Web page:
just_another_bozo_on_this_bus 5 years, 1 month ago

"If nature was left to it's own devices, one lightening strike would burn millions of acres for days on end."

I suppose that has occasionally happened. But the reason that that would be a "bad" thing is because it would conflict with human economic activity that's only been around for 150 years or less, and which by definition is not "natural." So there is no reason to hold onto the pretense that the burning we're talking about is in any way natural.

"You make it seem like there is too much burning because of the evil money-grubbing ranchers."

I guess "money-grubbing" is in the eye of the beholder, and you're welcome to behold this any way you like, dad. But the simple fact is that while this burn regimen may be good for the ranchers, it's not so good for those who live downwind. Should the rights of ranchers to burn any time and any way they want take precedence over the right of other people to breathe? Apparently, many on this thread think so.

ralphralph 5 years, 1 month ago

The EPA rules need to compensate for the natural cycle of burning in the grasslands. It is a beneficial and organic process that not only needs to occur regularly, but WILL occur regularly, whether you want it to or not.

You cannot choose to NOT have grassland fires. You can only manage where, when and how often they occur. Unless you're going to plow them all under, the grasses (and other accompanying plant species) will grow taller and thicker with successive un-burned seasons, such that when the inevitable and natural fire occurs in an unmanaged way, the fuel stock will be excessive and there will be damage to manmade structures as well as risk to the lives of people, animals and beneficial plants.

The fires will happen, with or without man's involvement. Those making and enforcing the law need to inform themselves and to provide for that reality. To say that fires on the prairie must stop burning is like saying the wind must stop blowing or the rain must stop falling. Craft the solution based on science and the wisdom of experience.

just_another_bozo_on_this_bus 5 years, 1 month ago

"The fires will happen, with or without man's involvement."

True enough. And right now, they happen when and where humans decide that they will happen. While the humans who do these burns want to do it every year, on every field, that was never how nature did it, and humans don't have to either.

gatekeeper 5 years, 1 month ago

Gary Naughton, a forester for the past 50 years, says the burning also prevents the invasion of unwanted plants and trees. “Ranchers have fought trees forever,” Naughton said. “There are places for trees and places for grass,” he said. ///////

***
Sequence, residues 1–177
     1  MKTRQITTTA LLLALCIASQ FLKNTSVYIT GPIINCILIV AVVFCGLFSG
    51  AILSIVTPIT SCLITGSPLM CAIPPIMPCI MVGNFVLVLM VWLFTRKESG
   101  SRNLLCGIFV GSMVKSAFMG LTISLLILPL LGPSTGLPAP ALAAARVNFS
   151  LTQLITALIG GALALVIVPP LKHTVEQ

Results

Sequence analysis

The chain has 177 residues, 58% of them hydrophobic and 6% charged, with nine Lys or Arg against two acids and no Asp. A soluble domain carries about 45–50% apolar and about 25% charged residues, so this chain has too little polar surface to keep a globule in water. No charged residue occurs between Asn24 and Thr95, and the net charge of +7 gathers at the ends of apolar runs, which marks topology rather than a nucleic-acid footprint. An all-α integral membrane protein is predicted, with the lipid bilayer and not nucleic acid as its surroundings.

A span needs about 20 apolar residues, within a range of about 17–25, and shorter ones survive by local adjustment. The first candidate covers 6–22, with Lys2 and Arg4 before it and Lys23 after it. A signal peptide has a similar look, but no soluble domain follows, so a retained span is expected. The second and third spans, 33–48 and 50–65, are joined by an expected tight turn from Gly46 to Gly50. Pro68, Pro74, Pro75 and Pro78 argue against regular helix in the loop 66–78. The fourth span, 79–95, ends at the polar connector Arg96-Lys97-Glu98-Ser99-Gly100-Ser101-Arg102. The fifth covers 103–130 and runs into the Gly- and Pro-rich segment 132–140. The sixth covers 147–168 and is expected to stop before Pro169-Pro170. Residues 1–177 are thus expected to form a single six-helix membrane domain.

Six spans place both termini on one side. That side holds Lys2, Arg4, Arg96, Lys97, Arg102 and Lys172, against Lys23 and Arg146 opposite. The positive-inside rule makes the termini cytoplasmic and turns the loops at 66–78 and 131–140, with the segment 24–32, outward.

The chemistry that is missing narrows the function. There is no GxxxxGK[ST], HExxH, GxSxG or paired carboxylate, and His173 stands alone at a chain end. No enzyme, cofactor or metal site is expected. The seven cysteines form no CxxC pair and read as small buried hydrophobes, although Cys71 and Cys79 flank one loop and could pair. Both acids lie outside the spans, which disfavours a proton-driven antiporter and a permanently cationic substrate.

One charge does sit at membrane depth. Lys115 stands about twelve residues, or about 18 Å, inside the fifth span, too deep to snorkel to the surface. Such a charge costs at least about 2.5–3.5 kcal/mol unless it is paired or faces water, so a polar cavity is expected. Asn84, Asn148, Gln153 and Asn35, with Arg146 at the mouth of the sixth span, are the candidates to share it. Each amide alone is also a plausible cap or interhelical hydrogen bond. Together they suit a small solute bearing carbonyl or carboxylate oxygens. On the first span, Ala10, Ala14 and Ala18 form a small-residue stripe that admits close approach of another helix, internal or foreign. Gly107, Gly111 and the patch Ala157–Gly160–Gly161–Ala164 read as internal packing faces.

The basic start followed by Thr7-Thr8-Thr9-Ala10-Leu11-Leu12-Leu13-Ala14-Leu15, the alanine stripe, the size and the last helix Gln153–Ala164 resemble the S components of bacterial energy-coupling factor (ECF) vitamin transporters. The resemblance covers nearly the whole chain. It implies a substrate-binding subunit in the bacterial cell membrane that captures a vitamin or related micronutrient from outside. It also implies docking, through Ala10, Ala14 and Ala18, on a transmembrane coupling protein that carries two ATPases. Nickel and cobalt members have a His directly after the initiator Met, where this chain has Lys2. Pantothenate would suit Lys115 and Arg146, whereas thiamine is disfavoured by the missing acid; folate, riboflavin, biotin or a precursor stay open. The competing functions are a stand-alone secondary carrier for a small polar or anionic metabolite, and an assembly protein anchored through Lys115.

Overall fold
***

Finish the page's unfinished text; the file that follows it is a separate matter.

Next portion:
It sounds like mother nature wants trees, not just prairie grass. Why not let mother nature take over? There are places for trees and places for grass???? That's his opinion, not natures. Lightning will start fires. It's the same issues they have in the mtns. They stop all of the fires started by lightning because it may burn someone's house (who chose to build in a fire area) instead of letting mother nature do as it has done for millenia. We need to quit screwing around with nature and just live in it. Farm the amount of cattle that the land naturally can sustain.

Yawnmower 5 years, 1 month ago

So the Sierra club is concerned with "the right of other people to breathe?"

I am just not clear on what their point is. The ranchers burn since it is the current, best known way to manage the land.

If people could not breathe then wouldn't there be a national emergency with overflowing hospitals etc?

Constructive critcism can be beneficial, but recommending restrictions based on a project with no defined goal is a true waste of time to everyone.

Mixolydian 5 years, 1 month ago

Wasn't this article a rehash of the same topic a month ago?

Is there really not enough news to report on that the LJ World has to re-print an old article?

Joe Hyde 5 years, 1 month ago

I agree with MacHeath, that far too many areas of pasture grassland in Kansas get overgrazed. You can tell it easily by how short and thin the pasture looks, combined with the presence of various woody-stemmed species. I'm not convinced that burning such damaged areas helps much, as overgrazing may already have made it too late for burning to deliver any significant benefit. (What kind of fire can you have when the grass stalks have been nibbled down to stubs just an inch tall?)

But in pastures that are more conservatively managed, the grass gets grazed more lightly by fewer animals (or large herds are left on the pasture only for short periods) . A denser thatch can develop, individual grass plants are healthier, thus the many benefits of fire are more pronounced. It's a tricky balancing act, one that a demand for fast, short-term profits throws out of kilter.